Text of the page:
It is a seaweed, and now we know that eating algae is good and right (read the article on spirulina). In this case, however, we do not use them for their proteins and nutrients, but – thanks to their proteins – for their strong thickening properties (and taking advantage of their nutrients anyway!). It is called agar agar and it is the vegetable alternative to animal jellies.
Quiet: your cakes with cream and strawberries (here how to choose the best ones, by the way) with they will not taste of the sea! If you want to enrich and polish them with gelatine made with agar agar, they will be perfect and simply healthier.
Gelatin is a protein mixture. Among those of animal origin, the famous "fish glue", obtained from the swim bladder of various fish species and in particular from the sturgeons, has now remained only as a name. The vast majority of jellies – very used in industrial products (starting with puddings, ice creams, sweets etc. but also in less suspect ones) – are made from bovine bones and pork (but also fish and poultry) and other pieces (or scraps) of these animals from intensive farming.
In particular, in Europe, a great deal is used pork rind to produce it. However, there are also vegetable substances with which to make gelatine: agar agar is the most famous.
Here are all the good reasons to choose it as an alternative to the classic industrial jellies:
1) It is vegetable, in fact
2) Is more solid of the commercial one: it does not dissolve easily even at high temperatures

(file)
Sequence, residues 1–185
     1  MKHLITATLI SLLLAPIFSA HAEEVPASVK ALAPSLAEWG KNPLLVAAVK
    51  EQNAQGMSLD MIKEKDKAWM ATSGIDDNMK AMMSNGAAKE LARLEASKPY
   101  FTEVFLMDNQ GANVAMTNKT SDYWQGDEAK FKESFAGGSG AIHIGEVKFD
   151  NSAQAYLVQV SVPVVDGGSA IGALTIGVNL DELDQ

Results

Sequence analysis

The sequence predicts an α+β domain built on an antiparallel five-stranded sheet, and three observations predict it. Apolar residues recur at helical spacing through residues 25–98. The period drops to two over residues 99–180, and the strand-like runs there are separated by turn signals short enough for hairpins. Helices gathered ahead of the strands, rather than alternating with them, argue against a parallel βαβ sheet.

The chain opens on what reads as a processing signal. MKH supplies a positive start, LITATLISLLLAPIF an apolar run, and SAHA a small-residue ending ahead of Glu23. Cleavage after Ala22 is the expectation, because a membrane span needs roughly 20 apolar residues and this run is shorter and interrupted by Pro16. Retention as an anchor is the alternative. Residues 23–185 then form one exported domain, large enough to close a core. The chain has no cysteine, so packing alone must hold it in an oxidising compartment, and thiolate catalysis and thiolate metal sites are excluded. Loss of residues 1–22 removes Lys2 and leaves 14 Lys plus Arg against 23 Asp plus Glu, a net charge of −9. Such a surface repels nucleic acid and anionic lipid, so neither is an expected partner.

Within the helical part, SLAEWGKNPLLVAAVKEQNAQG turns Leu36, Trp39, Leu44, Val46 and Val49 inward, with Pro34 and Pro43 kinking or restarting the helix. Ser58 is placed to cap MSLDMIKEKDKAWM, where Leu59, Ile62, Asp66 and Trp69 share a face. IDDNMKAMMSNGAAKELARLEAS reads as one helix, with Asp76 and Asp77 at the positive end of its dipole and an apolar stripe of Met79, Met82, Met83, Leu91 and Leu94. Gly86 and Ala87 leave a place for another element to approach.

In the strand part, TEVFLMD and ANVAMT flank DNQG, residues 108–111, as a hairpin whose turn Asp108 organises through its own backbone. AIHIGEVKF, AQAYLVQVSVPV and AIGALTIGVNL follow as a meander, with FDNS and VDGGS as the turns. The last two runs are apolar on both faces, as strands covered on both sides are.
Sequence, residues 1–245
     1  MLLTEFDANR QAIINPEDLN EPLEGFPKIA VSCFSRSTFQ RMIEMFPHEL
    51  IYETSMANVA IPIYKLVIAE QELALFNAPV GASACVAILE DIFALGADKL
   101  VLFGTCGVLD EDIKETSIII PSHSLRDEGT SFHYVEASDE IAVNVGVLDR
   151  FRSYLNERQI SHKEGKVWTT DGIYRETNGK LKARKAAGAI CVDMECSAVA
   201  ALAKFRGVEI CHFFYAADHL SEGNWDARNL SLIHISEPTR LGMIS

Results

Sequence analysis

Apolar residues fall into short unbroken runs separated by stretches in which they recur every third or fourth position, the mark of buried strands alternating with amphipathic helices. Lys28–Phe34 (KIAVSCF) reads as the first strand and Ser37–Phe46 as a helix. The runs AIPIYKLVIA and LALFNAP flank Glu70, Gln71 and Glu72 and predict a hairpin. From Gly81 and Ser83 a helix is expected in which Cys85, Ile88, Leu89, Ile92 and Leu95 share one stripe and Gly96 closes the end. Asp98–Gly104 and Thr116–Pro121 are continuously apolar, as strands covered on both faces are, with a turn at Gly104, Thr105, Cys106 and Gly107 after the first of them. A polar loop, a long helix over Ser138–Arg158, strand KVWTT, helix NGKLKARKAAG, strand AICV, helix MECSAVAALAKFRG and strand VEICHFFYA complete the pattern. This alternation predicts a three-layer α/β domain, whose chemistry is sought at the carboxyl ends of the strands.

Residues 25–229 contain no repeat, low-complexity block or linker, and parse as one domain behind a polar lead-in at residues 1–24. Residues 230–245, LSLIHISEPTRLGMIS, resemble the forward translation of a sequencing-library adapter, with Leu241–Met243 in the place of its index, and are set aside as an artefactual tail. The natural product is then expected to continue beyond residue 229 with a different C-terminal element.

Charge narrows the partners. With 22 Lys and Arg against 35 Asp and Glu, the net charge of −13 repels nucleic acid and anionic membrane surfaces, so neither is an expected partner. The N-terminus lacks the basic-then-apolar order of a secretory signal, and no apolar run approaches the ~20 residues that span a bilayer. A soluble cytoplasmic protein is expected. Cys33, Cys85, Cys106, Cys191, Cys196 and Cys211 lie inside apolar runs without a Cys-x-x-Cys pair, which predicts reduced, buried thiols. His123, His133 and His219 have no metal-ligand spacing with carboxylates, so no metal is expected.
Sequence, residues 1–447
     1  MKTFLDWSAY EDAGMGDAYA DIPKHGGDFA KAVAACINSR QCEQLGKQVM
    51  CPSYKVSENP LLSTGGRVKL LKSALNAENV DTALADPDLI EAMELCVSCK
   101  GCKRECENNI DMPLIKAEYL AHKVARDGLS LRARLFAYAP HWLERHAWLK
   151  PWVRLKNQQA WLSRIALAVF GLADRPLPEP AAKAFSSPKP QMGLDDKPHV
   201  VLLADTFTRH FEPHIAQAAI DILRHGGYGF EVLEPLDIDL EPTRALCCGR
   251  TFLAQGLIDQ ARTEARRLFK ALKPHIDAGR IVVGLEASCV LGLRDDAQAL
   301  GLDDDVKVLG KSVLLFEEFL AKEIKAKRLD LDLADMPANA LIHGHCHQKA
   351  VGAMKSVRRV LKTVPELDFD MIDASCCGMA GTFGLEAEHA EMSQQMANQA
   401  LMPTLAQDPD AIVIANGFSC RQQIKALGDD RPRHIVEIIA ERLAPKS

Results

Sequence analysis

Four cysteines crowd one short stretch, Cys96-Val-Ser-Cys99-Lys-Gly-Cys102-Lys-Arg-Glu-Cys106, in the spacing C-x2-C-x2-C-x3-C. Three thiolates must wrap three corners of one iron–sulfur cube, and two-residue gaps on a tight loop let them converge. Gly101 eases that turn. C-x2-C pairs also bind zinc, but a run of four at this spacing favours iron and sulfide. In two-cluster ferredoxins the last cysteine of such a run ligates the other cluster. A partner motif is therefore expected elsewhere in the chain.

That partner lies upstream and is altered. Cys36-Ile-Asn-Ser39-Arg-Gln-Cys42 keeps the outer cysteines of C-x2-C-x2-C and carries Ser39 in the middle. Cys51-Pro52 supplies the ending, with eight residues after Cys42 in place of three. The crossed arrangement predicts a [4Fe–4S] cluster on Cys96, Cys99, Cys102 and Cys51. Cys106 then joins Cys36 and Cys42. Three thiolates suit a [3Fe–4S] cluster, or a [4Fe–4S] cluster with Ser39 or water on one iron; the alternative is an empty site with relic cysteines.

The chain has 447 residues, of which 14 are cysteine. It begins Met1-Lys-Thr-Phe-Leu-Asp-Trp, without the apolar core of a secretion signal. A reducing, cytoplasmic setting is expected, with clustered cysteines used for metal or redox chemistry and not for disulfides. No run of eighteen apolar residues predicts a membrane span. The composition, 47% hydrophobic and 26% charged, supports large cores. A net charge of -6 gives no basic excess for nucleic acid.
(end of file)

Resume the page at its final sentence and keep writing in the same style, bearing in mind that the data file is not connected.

3) Is easy to prepare
4) Is rich in minerals such as calcium in the first place and then iron, sodium and potassium; iodine and trace elements
5) Is rich in fibers, it is satiating and moderately laxative, therefore it helps the body in detox and intestinal regularity
6) It hinders assimilation of foods and in particular of sugars
7) It has practically zero caloric intake (and no sugars, no fats, no carbohydrates), since it is only minimally absorbed by the body
8) It does not need sugar to gel (perfect, therefore, to produce low calorie jams)
9) Is gluten-free (but also soy, milk, eggs, yeasts etc.)
10) Does not alter the natural flavor of the dishes (once a traditional method was used to get rid of the strong taste of algae; today instead an industrial one is used which unfortunately provides for the use of sulfuric acid and other whitening procedures to make them colorless).
It is located in different formats: bars, flakes and dust. The dust it is the thicker one (therefore a spoon tends to correspond to a standard jelly) while the flakes and bars require higher doses. Tend to gel a cup of liquid is needed a teaspoon of agar agar powder – in any case the doses should be indicated on the package. Flakes and bars they should be chopped (and eventually soaked first as standard gelatine sheets).
It melts in the hot liquid pouring it in rain (in case of dust and flakes) and stirring vigorously; produces a gel elastic and resistant. Requires only one short cooking – then for the solidification it takes about an hour at temperature environment (the fridge is not necessary).
Like all jellies, it can be used for thicken creams and soups, prepare jams and ice cream and of course the jelly in itself. First note: a lot of foods acids (for example citrus fruits) tend to require one higher dose of agar agar than that of gelatin indicated by the recipe. Furthermore, higher doses are needed to thicken them sweet preparations than in the savory ones. Second note: there are gods alimony which contain enzymes capable of neutralize the gelling effect of agar agar. These include chocolate, fresh figs, spinach, pineapple, peaches, papaya and mango. What to do? That's enough cook these ingredients before.
Although FAO has not set limits on daily doses, don't overdo it, if you don't want to to risk flatulence, meteorism and the poor absorption of essential nutrients such as vitamins. For the rest, at normal and reasonable doses, Agar Agar is a precious and beneficial ally in the kitchen.
Carola Traverso Saibante
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